Wednesday, February 26, 2014

Contest Results

Hello everyone, sorry this is a tad late in the day but I had a bit of difficulty. That seems to be what I tell you each month. Oh well, guess I should get on with it... =)

The winner of Molly Evangeline's "The Pirates Daughter's Promise" is...


 Lois Newton!!!!! Congratulations!

Here is her entry:

        Lafti sighed when he saw her. With her usual sweet smile, the girl was hurrying about the room, the perfect picture of a devoted servant. She was nice, but a fool. A stupid, useful fool. She was probably even now gathering useful information to eagerly confide in him at their appointed evening meeting. But he was out of time. There was information he urgently needed that only she could get. This would be much easier and far more straightforward.
        "Where love works, fear works even better."
        He stepped out of the shadow of the pillar directly in front of her.

Second place goes to..... 

Ruth Newton!!! 

“I can’t do it!”


Drew stopped and stared at the wall for a moment. Then he bent down on one knee and looked into my eyes.

“Avery, could you do it if your life depended on it?”

I looked at him, suddenly realizing what it was he had been trying to teach me all those years.

“Of course I could.”

He smiled. “Well, then.”

I turned and faced the screen. Lines of code raced past my eyes. My fingers clicked on the keyboard as  I entered my answer. Instantly, the screen cleared and the words, “Access Granted” flashed on. 

I smiled as Drew squeezed my shoulder.  

Third place goes to....  Anna Baber!!!

"I dodged the tree branch, urging my horse to run faster. I heard pursuit behind me. The Myrenians wouldn't let Ishtara win by way of a young girl. No, they'd kill me before I could have rest after this battle.
What had I done to deserve this? I'd fought against myself for months, warring with memories of Melody, a sense of loyalty to Myren, and a love for my people—only to give it all up. Now I was exiled from my own country, the country I'd risked my life for. I wouldn't be safe until Myren was defeated for the last time."

Thank you everyone who entered! It really is a blessing to read over your entry's. =) 

-Mikayla and Ysa-

Wednesday, February 19, 2014

Interview with Molly Evangeline!

I am very proud to present a interview with this months author Molly Evangeline!


First could you tell us a bit about yourself?

I’m twenty-five and a full time indie author. I started writing when I was eight and published my first book when I was eighteen. My mom homeschooled me and my two younger brothers, which really helped develop my love for writing and gave me a great do-it-yourself mentality that has been invaluable as an indie publisher. Besides writing, I also enjoying designing and sewing fantasy and historical costumes, and reenacting the 18th century. On the side, I make and sell jewelry on Etsy that’s geared toward writers and inspired by my books. I started out and published eight books, four of which were historical, as Molly Evangeline, but have recently decided publish under the pen name of Jaye L. Knight and focus on writing Christian fantasy.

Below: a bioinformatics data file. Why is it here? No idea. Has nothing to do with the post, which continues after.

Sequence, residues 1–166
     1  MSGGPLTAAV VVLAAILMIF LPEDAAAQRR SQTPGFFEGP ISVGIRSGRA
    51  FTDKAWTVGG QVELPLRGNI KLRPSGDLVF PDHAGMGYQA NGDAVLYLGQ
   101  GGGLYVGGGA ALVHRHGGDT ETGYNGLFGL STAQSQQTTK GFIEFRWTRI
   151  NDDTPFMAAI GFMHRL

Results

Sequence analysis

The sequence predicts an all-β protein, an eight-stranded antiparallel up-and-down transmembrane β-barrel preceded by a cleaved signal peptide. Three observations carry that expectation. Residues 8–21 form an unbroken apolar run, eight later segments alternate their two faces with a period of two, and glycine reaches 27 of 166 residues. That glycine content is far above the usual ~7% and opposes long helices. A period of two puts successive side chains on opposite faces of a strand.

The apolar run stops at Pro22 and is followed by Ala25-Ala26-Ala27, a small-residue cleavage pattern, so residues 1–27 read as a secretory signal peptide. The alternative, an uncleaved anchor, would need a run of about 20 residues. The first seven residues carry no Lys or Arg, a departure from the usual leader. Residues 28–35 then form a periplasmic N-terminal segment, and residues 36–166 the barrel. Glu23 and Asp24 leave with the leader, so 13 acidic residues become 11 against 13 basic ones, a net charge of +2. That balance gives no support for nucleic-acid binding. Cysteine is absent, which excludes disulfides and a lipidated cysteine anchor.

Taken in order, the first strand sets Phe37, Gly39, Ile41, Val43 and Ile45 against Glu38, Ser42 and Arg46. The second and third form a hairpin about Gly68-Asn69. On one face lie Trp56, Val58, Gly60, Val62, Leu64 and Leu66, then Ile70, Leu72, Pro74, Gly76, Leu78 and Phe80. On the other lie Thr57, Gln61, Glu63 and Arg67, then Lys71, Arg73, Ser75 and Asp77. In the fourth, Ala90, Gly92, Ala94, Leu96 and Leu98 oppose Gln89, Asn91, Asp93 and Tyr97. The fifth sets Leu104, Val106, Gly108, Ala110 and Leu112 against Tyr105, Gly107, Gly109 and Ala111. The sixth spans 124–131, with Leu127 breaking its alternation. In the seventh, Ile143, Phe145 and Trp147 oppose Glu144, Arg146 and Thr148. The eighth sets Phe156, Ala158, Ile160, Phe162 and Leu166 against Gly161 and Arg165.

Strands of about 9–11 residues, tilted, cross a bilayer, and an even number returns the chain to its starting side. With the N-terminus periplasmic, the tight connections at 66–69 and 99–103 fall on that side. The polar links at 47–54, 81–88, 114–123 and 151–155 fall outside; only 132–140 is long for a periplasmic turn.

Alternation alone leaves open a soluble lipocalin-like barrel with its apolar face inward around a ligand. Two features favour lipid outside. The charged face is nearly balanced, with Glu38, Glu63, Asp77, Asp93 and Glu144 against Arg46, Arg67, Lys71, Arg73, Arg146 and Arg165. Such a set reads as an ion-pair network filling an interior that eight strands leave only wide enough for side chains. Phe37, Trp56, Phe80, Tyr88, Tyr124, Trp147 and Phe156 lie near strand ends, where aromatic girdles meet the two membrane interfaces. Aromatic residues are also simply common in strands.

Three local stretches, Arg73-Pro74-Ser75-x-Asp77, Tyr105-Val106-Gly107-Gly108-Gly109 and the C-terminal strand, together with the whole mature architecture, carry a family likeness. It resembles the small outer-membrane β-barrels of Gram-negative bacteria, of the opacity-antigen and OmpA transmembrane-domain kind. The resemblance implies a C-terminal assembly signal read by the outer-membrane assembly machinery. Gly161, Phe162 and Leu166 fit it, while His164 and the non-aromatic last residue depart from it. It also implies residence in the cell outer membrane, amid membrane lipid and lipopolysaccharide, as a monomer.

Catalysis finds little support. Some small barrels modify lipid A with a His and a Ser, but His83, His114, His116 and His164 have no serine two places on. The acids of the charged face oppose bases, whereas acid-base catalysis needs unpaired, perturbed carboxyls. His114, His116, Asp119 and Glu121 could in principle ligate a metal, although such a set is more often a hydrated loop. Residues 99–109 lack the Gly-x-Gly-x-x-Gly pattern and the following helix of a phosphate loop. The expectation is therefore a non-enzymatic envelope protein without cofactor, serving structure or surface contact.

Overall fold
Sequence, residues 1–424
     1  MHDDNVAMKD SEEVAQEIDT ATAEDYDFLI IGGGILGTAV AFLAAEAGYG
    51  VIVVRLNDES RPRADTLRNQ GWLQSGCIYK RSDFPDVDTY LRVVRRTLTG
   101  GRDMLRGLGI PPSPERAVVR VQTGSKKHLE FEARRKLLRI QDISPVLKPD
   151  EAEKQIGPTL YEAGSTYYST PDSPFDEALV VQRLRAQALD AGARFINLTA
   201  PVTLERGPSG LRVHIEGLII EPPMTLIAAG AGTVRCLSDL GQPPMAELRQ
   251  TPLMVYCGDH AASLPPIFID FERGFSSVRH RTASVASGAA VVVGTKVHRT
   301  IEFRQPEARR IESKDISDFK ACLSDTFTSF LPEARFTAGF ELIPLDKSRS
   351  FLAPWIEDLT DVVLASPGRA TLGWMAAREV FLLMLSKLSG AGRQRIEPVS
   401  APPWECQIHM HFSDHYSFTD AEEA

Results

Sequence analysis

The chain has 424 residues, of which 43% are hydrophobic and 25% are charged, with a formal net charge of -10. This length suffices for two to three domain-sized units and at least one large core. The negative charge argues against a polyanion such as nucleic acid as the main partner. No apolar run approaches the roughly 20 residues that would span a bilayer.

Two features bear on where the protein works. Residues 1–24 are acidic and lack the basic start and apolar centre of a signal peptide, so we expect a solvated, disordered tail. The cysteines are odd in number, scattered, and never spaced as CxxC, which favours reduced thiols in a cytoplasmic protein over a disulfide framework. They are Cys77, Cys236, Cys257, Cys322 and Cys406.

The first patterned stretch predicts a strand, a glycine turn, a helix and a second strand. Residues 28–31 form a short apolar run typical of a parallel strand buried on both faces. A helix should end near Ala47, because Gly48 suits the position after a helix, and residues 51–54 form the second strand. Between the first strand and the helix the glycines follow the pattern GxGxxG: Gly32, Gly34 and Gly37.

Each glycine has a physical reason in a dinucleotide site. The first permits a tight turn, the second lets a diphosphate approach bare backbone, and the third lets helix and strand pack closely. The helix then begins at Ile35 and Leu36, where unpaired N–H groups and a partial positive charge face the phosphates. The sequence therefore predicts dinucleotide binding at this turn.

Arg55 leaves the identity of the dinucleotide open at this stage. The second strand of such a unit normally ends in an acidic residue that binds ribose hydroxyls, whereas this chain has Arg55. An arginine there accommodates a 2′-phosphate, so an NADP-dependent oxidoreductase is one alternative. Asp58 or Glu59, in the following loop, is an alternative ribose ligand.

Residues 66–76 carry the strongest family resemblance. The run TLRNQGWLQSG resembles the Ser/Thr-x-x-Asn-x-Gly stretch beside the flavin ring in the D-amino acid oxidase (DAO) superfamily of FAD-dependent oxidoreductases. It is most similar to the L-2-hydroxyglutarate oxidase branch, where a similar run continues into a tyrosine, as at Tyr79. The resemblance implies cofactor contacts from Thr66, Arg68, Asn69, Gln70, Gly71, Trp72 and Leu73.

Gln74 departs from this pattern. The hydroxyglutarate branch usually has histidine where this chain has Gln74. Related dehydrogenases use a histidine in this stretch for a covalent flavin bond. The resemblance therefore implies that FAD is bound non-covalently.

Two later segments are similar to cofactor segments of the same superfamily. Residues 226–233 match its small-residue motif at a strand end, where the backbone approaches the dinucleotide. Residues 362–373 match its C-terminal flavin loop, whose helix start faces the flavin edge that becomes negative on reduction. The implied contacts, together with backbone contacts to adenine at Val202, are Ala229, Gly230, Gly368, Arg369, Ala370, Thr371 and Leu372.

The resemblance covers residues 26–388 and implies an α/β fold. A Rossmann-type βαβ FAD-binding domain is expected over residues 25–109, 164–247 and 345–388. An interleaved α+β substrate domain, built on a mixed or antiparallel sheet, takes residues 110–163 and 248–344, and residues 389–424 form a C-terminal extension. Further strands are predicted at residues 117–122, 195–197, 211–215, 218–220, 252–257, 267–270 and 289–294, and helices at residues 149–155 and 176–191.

What’s your favorite book? 

I feel like I should say Lord of the Rings because of how much it means to me, but I have to say Books of the Infinite by R.J. Larson. That’s technically not one book, but a trilogy, but it would be hard to pick just one from it. If I had to, I’d say my favorite is the second book, Judge. Books of the Infinite is a recent read for me, and one I can’t seem to stop talking about. I adore the characters, especially the male protagonist, Kien. I will definitely be reading them again in the near future.

Who's your favorite Author?

I have to answer this with J.R.R. Tolkien. If not for him, I probably wouldn’t be writing fantasy today, which I can’t imagine because I have such a passion for it and enjoy it so much. Of all my favorite authors, he’s definitely had the biggest impact on who I am, not just as a writer, but as a person too.

If you could meet one person who would it be? 

Besides my best friend who I only know online, I’d say Wayne Thomas Batson. He’s been one of my favorite authors for a long time and I think it would be really fun to meet him and sit down for a chat (if I could get over my shyness). As for a historical person, I would definitely want to meet Joseph from the Bible. His story is so incredible and means so much to me. It’s been a big inspiration in how I live and what I write.

Can you tell us anything about the book you’re working on right now?

I’m currently writing the fourth book of my new fantasy series, Ilyon Chronicles. It has six books total and is the biggest project I’ve ever worked on. I’m almost finished with my last deep edit of the first book, Resistance, and plan to publish it this spring. The whole series started with inspiration for the main guy, Jace. He’s a half-blooded former slave/gladiator who most of society believes is soulless and no better than an animal. He struggles more than any character I’ve ever written, but I’ve connected with him better than any other character. In many ways, he’s a lot like me, though our personal struggles are a bit different. The series is really to tell his story as he struggles with his fears and searches for the truth, but I have an insanely large cast so there are many other storylines entwined with his. I have more information, as well as the back cover text for Resistance, on my Ilyon Chronicles website: I’m terribly excited to share the adventure and see how God uses it. I don’t think I’ve ever been quite so invested in a story and its message before.

How did you begin writing?

My mom is to thank for that. She’s been writing since she was a teen. Watching her write as I was growing up gave me the urge to try it myself.

What inspired you to begin writing? 

Besides my mom, I have a very active imagination. Writing is the perfect outlet. It was also a way for me to sort of live the lives and adventures I always wanted to have. Especially when I was young. I longed to have a horse, so all of my early stories were about girls and horses. That only changed when I discovered Lord of the Rings at thirteen. That’s when I first realized writing as actually something I wanted to pursue seriously and not just for enjoyment.

What is your favorite genre? 

Fantasy, for sure. As much as I love history and historical fiction, fantasy is what I get the most enjoyment out of, at least as far as writing goes. I love the freedom and unrestrained creativity it allows me. I don’t have to worry about being historically correct. I can let my imagination completely go free and create incredible new worlds and people. I love that.

Do you do any research for your books? If you do what are your main sources?